James Morris - JMOZ

I pretend I know PHP and internet stuff.

Organically Increase Your Followers With the Twitter API and a Little Python

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There are many reasons why you may want to increase your Twitter followers: for status, engagement and for more reach are a few that come to mind. I’m certainly in the latter - more reach == more potential hits to my blog == web domination.

If you’re in the status camp you’ll most likely have gone down the route of paying for followers. You know the drill - pay x amount of dollars for x amount of followers. The majority, if not all of these followers are trash accounts; accounts solely created to follow others for no other reason than to increase their follower count. They won’t provide traffic to your blog or engage with you.

If you’re after organic followers then it requires a little more effort than simply paying for them. Real, organically acquired followers can be valuable as they may retweet your tweets, engage with you, or follow links back to your blog. You can painstakingly follow or retweet users in the hope that they’ll check you out and follow you. You could @message them but that’s a little spammy.

Or you could favourite certain tweets and automate the process large scale. I’d favour favouriting over retweeting as it doesn’t pollute your timeline. Less pollution and spam on your timeline means more room for relevant content the user may be interested in, potentially resulting in a new follower.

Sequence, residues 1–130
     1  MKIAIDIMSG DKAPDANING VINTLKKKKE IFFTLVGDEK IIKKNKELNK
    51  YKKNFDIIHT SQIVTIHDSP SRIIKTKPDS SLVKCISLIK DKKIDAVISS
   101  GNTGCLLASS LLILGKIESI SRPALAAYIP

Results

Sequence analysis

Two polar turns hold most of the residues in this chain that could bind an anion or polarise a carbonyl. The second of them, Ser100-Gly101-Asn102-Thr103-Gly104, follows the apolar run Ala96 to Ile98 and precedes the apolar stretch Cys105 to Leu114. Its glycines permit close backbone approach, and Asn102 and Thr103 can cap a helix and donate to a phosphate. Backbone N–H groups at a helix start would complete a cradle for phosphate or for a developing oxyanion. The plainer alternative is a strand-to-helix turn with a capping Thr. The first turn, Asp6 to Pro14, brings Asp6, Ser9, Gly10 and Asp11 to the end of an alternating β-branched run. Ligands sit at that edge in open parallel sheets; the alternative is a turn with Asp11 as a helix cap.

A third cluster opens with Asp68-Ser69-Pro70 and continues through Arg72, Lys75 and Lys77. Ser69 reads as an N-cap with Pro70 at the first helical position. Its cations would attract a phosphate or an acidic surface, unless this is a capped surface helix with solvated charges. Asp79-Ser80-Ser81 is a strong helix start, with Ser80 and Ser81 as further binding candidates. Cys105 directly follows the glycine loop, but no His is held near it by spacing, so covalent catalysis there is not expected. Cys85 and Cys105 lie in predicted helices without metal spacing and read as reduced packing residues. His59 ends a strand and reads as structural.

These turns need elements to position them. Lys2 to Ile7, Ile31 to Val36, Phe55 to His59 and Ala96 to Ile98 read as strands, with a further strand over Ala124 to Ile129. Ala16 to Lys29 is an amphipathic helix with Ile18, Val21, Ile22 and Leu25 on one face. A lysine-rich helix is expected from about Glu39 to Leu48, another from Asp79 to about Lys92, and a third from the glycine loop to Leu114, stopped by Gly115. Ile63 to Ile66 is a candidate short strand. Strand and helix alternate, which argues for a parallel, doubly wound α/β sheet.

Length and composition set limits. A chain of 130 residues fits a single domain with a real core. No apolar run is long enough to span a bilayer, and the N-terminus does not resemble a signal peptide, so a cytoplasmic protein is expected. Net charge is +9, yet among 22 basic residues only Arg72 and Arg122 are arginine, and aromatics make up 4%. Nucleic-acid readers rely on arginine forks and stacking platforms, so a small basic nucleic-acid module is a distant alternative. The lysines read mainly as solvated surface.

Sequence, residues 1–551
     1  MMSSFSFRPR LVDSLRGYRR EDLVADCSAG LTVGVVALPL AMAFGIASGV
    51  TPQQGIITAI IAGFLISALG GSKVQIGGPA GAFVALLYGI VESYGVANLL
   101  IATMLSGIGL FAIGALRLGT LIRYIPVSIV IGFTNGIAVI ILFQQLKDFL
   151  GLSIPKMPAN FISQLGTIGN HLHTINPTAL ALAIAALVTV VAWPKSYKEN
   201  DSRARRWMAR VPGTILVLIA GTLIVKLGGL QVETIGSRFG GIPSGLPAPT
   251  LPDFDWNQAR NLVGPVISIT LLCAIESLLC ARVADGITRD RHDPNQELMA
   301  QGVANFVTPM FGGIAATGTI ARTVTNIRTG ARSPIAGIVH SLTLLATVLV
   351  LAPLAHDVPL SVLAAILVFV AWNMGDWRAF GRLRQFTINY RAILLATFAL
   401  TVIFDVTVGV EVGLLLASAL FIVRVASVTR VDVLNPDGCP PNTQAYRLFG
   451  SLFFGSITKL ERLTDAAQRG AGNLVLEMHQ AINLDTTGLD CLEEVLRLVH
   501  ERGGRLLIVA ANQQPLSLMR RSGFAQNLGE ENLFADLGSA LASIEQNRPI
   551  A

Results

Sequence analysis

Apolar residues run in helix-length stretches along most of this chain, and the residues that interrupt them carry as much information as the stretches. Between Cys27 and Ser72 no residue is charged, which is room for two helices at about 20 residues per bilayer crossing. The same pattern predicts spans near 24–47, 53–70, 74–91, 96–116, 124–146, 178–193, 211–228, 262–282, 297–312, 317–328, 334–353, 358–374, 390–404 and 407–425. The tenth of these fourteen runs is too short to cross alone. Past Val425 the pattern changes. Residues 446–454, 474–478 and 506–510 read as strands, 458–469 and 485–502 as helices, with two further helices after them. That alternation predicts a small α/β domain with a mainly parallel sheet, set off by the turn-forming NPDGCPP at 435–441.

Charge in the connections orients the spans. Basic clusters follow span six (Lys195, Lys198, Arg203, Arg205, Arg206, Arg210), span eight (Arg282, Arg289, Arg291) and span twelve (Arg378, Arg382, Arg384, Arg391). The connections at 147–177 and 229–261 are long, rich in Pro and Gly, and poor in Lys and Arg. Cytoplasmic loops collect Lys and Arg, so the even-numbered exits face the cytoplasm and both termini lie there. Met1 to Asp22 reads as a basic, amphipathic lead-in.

We’re going to use a mix of simple Python and the Twitter API.

The method

  • Search for tweets by related users or content, e.g. tweets containing ‘James Morris’ or tweets with the hashtag ‘#php’.
  • Favourite the tweets.
  • User gets a notification that their tweet has been favourited. Our timeline stays the same (unlike retweets, favourites don’t get pushed to our timeline).
  • User checks out profile of the favouriter and if they see something they like, hopefully we get a new organic follower!
  • Rinse and repeat for more followers.

The results

So when I first started using a script I think my follower count was somewhere in the 400s. After a few weeks to a month of using it - when I remembered (there’s a 24hr limit) - my follower count is up about 75% to the near 700s.

Interactions are up also - some good some pointless. I get users retweeting and favouriting my tweets and some engaging and @messaging me. A lot of users don’t realise it’s just a script blanket favouriting all mentions of certain terms; these users tend to @reply back with thanks or engage in conversation.